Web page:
Attic Black-Figure Mastos

Object Details


Attic Black-Figure Mastos


Attributed to Psiax (Greek (Attic), active about 525 - 510 B.C.)


Greek (Attic)


Athens, Greece (Place created)


520–500 B.C.



Object Number:



12.1 × 20.5 × 13.3 cm (4 3/4 × 8 1/16 × 5 1/4 in.)

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A young woman plays the double flutes on the front of this black-figure mastos or breast-shaped cup. The other side of the vase depicts a woman flourishing a branch and an ivy sprig. These objects, as well as the nebris or animal skin that she wears over one shoulder, identify this woman as a maenad, a female follower of Dionysos, the god of wine. A Dionysiac interpretation applies also to the flute-girl on the front of the mastos, who might be imagined playing for the god and his entourage, or perhaps for the humans honoring the god at a symposium or drinking party.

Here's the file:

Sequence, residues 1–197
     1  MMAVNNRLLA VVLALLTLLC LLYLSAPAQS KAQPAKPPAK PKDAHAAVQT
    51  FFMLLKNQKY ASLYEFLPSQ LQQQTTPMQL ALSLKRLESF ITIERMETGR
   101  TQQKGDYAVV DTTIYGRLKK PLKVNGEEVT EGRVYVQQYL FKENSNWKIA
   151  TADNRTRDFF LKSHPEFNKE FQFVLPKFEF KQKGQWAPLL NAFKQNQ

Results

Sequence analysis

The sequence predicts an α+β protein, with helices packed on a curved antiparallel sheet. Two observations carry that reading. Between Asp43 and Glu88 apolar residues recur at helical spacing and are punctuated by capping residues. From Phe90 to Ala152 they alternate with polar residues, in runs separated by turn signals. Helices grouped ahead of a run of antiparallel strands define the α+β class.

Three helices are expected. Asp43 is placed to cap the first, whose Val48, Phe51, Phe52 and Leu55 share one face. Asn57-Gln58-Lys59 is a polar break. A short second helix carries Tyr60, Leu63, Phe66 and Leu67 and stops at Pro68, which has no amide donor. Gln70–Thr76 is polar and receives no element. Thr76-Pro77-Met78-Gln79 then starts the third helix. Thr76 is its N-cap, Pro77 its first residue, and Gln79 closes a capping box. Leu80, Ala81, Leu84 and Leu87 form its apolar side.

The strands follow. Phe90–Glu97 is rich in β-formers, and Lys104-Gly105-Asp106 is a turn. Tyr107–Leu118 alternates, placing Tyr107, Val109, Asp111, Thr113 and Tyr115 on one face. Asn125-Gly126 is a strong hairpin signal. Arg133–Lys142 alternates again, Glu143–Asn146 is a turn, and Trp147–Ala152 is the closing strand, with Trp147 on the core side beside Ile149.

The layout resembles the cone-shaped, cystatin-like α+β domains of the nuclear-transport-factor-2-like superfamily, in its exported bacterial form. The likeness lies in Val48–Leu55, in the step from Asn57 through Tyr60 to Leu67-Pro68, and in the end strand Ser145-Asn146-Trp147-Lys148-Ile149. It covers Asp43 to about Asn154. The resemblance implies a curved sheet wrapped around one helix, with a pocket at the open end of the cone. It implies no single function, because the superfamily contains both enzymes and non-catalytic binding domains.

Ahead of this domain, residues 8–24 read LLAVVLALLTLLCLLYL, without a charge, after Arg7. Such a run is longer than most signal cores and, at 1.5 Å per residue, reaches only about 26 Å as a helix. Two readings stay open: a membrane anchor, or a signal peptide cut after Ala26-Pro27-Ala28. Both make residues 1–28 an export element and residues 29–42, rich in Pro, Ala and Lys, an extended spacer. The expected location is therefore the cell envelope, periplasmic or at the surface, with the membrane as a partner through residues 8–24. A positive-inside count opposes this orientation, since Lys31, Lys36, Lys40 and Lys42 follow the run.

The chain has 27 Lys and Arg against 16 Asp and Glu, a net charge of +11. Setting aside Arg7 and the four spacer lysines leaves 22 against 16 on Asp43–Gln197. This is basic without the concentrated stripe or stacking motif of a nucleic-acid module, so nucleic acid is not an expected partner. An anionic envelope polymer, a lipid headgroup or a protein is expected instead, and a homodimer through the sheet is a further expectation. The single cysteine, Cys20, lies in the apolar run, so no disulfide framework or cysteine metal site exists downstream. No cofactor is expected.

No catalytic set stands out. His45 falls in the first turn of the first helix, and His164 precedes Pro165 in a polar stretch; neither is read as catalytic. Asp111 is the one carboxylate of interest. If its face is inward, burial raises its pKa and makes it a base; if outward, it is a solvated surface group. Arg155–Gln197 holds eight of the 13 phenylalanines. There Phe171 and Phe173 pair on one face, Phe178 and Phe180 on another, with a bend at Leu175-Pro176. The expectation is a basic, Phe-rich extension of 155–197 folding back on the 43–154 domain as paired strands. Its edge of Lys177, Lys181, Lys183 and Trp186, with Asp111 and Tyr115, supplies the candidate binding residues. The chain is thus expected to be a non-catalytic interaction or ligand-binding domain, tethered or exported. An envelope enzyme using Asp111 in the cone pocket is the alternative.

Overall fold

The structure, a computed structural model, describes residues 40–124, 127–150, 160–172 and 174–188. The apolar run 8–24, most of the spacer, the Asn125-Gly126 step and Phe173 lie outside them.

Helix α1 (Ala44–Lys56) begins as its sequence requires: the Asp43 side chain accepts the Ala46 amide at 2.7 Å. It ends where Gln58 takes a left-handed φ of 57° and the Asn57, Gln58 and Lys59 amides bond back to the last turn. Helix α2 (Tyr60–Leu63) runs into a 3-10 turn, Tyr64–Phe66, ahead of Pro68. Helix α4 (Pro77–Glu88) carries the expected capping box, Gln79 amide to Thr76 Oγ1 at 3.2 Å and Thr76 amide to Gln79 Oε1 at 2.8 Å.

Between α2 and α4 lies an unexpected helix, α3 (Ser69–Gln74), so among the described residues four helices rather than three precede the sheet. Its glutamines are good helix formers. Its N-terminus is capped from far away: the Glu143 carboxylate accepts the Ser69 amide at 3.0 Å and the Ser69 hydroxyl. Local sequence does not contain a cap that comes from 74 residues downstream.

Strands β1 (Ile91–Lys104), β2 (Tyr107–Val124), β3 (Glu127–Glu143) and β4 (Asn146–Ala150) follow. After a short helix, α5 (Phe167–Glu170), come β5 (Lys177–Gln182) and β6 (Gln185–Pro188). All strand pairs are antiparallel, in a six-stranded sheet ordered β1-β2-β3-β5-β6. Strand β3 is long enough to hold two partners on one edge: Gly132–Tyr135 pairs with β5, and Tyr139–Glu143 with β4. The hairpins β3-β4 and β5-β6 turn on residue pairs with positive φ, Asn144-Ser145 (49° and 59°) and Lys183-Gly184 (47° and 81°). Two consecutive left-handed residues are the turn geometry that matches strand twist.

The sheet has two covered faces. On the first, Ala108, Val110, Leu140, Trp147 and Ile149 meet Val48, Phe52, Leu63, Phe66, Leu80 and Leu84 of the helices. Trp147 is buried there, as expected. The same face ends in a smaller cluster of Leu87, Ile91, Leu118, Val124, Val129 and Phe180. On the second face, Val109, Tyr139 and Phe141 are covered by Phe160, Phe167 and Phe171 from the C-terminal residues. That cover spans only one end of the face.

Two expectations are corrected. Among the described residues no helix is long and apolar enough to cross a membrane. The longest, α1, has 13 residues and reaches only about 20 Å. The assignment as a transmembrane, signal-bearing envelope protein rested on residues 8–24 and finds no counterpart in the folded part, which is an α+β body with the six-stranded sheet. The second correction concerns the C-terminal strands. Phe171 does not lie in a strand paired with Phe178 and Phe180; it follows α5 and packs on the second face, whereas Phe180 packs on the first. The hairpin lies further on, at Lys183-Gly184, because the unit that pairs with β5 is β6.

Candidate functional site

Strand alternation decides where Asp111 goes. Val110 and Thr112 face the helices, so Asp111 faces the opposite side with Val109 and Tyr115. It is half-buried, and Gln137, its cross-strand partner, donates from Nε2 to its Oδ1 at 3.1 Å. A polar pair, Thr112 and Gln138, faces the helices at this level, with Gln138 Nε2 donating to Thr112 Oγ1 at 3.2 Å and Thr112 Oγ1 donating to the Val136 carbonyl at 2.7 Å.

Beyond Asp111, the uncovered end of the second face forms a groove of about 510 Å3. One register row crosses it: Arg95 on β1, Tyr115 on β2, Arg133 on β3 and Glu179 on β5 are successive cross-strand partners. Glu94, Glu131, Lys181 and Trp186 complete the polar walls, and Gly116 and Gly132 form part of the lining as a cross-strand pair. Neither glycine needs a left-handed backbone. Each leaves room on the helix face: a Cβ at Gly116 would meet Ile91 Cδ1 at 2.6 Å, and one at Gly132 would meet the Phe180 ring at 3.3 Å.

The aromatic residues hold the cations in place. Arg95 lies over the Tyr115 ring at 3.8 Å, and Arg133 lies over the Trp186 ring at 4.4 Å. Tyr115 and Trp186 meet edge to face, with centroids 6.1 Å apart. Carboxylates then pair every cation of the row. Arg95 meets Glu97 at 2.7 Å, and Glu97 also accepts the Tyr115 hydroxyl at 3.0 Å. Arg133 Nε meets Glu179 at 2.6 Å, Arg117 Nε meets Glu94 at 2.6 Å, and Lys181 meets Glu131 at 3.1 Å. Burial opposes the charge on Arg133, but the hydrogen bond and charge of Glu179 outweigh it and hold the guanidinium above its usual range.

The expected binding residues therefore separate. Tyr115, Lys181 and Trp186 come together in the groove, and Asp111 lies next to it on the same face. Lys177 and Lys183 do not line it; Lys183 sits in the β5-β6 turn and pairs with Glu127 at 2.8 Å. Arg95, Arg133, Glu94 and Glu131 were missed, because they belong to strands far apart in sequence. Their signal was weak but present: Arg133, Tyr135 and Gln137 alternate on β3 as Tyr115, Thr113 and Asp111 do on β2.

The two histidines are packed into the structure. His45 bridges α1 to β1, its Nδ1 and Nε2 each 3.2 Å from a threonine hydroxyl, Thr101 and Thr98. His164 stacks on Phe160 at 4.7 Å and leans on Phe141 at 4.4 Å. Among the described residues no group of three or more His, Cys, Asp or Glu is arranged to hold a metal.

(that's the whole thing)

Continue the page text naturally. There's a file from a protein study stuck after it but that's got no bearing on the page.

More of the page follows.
A mastos was designed for use at just such a symposium. It was a relatively rare shape produced by Athenian potters only in the later 500s B.C., but fits in well with the erotic pleasures of the symposium. Furthermore, with a nipple instead of a practical base, this vessel could not safely be set down until any wine within was consumed.

by 1979

Private Collection

- 1990

Acanthus Gallery, sold to the J. Paul Getty Museum, 1990.


Mertens, Joan R. "Some New Vases by Psiax," Antike Kunst 22 (1979), pp. 22-37, pp. 22-37, pl. 10, 1-4.

"Acquisitions/1990." The J. Paul Getty Museum Journal 19 (1991), p. 138, no. 13.

Schreiber, Toby. Athenian Vase Construction: A Potter's Analysis (Los Angeles: J. Paul Getty Museum, 1999), pl. XVI.